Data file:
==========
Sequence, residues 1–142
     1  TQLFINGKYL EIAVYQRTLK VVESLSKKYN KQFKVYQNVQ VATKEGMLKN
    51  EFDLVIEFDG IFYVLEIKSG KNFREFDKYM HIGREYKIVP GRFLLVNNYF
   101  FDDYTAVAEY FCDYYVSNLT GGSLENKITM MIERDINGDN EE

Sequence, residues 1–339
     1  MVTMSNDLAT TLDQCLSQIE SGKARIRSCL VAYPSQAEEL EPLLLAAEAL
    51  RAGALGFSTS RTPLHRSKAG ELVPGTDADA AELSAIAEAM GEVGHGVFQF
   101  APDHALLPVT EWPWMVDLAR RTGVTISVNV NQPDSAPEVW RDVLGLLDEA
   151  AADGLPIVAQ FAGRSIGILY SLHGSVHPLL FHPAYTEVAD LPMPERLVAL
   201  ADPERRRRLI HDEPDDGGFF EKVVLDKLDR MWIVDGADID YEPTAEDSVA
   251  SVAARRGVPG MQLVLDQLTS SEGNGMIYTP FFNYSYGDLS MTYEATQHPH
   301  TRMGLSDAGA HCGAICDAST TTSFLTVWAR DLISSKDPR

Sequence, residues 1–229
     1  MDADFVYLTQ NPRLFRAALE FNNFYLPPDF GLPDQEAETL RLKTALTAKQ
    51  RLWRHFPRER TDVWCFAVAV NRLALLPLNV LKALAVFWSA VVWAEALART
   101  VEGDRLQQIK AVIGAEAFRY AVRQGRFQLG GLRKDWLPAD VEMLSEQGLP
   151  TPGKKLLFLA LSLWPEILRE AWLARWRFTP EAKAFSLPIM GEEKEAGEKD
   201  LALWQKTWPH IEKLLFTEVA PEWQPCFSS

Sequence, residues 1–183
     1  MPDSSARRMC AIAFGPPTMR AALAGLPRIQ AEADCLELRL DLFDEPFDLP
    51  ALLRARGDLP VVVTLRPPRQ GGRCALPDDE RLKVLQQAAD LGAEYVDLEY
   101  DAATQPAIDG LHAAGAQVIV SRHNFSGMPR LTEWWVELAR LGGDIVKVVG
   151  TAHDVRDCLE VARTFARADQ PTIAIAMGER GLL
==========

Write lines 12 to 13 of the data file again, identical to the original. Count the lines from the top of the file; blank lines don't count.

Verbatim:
   301  TRMGLSDAGA HCGAICDAST TTSFLTVWAR DLISSKDPR

Sequence, residues 1–229